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Gradual speciation in a global hotspot of plant diversity


Linder, H P (2010). Gradual speciation in a global hotspot of plant diversity. Molecular Ecology, 19(21):4583-4585.

Abstract

The speciation process that underlies recent, rapid radiations of plants is controversial, and suggested mechanisms range from pollinator or ecological niche differentiation to allopatry and nonadaptive divergence. Phylogenetic approaches to locating the most appropriate speciation models have been constrained by the low levels of molecular divergence between recently diverged species, which are typical of recent, rapid radiations. In this issue of Molecular Ecology, Rymer et al. (2010) used coalescence analyses of sequence data and genome scans of Amplified Fragment Length Polymorphism (AFLP) loci to demonstrate that in a species complex in the irid genus Gladiolus, a member of the hyper diverse Cape flora of southern Africa, speciation is a gradual process. Older divergences are genetically more differentiated, and show a greater difference in flowering time and floral morphology, than taxa that diverged more recently. There is no evidence of any abrupt events. Gene flow is limited by shifts in flowering time and floral morphology; thus, by pre-zygotic rather than by post-zygotic mechanisms, these evolved together with the occupation of somewhat different habitats. This research gives the first critical insight into how the remarkable diversity in a diversity hotspot could have arisen. More importantly, it demonstrates that the speciation process in recent, rapid radiations is tractable and can be investigated with suitable genetic tools.

The speciation process that underlies recent, rapid radiations of plants is controversial, and suggested mechanisms range from pollinator or ecological niche differentiation to allopatry and nonadaptive divergence. Phylogenetic approaches to locating the most appropriate speciation models have been constrained by the low levels of molecular divergence between recently diverged species, which are typical of recent, rapid radiations. In this issue of Molecular Ecology, Rymer et al. (2010) used coalescence analyses of sequence data and genome scans of Amplified Fragment Length Polymorphism (AFLP) loci to demonstrate that in a species complex in the irid genus Gladiolus, a member of the hyper diverse Cape flora of southern Africa, speciation is a gradual process. Older divergences are genetically more differentiated, and show a greater difference in flowering time and floral morphology, than taxa that diverged more recently. There is no evidence of any abrupt events. Gene flow is limited by shifts in flowering time and floral morphology; thus, by pre-zygotic rather than by post-zygotic mechanisms, these evolved together with the occupation of somewhat different habitats. This research gives the first critical insight into how the remarkable diversity in a diversity hotspot could have arisen. More importantly, it demonstrates that the speciation process in recent, rapid radiations is tractable and can be investigated with suitable genetic tools.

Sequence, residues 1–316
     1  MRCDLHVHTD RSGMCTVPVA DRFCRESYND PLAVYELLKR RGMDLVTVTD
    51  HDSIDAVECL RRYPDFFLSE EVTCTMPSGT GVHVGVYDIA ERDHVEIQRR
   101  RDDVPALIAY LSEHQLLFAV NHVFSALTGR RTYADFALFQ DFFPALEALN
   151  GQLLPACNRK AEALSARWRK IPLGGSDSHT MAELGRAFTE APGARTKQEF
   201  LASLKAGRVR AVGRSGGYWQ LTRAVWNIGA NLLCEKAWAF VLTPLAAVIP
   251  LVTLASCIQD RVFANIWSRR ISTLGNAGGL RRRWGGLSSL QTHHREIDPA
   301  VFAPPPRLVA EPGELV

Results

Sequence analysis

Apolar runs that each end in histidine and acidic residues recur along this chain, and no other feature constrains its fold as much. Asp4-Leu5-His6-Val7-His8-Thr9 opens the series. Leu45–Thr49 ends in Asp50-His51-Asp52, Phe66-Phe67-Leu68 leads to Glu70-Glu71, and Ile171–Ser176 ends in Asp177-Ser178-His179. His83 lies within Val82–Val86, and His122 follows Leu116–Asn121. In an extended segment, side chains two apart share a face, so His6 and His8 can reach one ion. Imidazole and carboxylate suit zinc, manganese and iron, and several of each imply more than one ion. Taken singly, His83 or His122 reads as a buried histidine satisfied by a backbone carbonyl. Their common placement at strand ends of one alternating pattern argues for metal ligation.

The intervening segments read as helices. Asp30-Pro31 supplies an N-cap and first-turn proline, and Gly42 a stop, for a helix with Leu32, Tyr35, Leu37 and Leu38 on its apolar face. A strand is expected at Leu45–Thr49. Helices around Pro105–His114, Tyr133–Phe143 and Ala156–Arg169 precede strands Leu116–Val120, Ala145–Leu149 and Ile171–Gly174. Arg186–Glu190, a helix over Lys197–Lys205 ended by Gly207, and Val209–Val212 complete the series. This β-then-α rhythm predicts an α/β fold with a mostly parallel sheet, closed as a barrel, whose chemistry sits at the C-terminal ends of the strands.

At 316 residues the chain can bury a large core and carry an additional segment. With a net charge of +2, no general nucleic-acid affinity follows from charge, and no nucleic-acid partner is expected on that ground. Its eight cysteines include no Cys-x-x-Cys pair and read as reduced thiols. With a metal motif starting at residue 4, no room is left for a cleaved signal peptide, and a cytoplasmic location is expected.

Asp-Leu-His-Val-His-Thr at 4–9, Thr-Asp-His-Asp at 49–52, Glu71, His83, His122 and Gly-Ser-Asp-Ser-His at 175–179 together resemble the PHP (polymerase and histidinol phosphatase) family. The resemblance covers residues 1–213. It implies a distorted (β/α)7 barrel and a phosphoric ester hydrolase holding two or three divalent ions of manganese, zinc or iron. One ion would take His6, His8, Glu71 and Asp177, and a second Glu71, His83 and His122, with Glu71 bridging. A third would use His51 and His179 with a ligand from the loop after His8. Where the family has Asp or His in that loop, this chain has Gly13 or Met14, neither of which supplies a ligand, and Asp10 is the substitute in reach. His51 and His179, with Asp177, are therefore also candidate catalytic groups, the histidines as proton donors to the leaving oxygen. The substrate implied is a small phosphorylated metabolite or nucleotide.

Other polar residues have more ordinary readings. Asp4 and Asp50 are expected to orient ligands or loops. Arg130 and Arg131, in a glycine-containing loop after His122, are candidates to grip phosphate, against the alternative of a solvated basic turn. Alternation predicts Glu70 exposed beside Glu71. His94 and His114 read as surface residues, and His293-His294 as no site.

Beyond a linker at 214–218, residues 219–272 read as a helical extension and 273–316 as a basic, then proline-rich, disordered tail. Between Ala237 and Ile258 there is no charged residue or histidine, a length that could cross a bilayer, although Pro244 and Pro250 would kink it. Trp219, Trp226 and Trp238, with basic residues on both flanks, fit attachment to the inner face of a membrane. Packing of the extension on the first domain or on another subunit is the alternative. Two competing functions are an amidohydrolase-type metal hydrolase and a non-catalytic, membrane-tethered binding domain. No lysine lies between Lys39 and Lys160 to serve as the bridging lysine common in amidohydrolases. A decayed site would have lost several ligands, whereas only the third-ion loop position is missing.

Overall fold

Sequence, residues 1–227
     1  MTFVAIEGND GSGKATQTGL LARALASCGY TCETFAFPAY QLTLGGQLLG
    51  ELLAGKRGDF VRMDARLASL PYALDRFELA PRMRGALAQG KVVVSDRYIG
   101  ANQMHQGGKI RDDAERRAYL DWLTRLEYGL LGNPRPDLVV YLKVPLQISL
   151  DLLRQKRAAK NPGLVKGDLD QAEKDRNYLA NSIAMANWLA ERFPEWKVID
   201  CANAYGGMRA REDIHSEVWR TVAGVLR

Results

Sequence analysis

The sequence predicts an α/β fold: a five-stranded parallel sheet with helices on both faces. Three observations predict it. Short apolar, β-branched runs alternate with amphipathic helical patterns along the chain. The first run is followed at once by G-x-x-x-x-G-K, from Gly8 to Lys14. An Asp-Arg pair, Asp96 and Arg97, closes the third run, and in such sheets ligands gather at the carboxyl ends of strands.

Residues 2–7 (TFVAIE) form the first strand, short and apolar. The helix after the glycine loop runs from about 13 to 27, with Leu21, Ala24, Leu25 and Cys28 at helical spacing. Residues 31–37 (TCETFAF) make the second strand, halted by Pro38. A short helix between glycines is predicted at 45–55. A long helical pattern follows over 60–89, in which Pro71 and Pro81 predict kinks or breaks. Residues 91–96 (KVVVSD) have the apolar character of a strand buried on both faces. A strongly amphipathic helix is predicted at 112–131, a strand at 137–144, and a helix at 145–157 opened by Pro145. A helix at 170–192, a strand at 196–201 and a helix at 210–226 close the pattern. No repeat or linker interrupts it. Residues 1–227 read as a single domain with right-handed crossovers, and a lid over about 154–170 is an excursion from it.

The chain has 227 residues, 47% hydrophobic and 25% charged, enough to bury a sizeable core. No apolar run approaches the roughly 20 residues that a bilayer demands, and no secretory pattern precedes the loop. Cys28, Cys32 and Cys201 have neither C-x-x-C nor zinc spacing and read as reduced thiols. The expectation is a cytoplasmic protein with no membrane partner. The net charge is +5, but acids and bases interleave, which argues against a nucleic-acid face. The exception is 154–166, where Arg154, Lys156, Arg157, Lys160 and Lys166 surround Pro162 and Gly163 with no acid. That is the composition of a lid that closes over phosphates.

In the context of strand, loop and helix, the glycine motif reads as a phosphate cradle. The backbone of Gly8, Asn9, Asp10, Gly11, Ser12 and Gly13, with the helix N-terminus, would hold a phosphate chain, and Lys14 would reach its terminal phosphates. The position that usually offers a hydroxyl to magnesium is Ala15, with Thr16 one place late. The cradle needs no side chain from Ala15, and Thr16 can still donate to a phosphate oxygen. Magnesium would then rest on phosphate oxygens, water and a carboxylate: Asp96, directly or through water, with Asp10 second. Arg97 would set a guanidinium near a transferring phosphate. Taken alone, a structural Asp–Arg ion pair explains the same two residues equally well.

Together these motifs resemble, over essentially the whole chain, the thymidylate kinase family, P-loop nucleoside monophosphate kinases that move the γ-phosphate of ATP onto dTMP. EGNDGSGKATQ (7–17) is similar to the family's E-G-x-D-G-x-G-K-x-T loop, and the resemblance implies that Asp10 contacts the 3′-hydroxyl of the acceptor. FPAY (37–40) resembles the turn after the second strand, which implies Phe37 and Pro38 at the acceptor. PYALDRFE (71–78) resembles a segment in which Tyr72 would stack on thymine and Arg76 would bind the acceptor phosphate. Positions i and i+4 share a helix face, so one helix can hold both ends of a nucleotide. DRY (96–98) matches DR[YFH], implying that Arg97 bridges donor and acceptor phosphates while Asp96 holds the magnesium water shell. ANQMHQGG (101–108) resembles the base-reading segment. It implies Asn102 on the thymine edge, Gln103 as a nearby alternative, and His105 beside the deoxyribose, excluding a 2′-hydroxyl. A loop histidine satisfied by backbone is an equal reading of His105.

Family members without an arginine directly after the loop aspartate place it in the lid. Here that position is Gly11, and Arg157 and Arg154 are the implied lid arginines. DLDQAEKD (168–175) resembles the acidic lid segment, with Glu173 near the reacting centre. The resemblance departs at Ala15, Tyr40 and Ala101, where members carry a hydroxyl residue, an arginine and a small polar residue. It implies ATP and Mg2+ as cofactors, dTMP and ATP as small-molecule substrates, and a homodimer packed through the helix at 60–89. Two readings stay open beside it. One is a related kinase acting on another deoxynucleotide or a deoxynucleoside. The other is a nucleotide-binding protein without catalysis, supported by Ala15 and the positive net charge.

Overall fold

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Additional indexing

Item Type:Journal Article, refereed, original work
Communities & Collections:07 Faculty of Science > Institute of Systematic Botany and Botanical Gardens
Dewey Decimal Classification:580 Plants (Botany)
Language:English
Date:2010
Deposited On:23 Jan 2011 18:01
Last Modified:05 Apr 2016 14:37
Publisher:Wiley-Blackwell
ISSN:0962-1083
Additional Information:Comment on: Mol Ecol. 2010 Nov;19(21):4765-82.
Publisher DOI:https://doi.org/10.1111/j.1365-294X.2010.04798.x
PubMed ID:20958810
Permanent URL: https://doi.org/10.5167/uzh-42748

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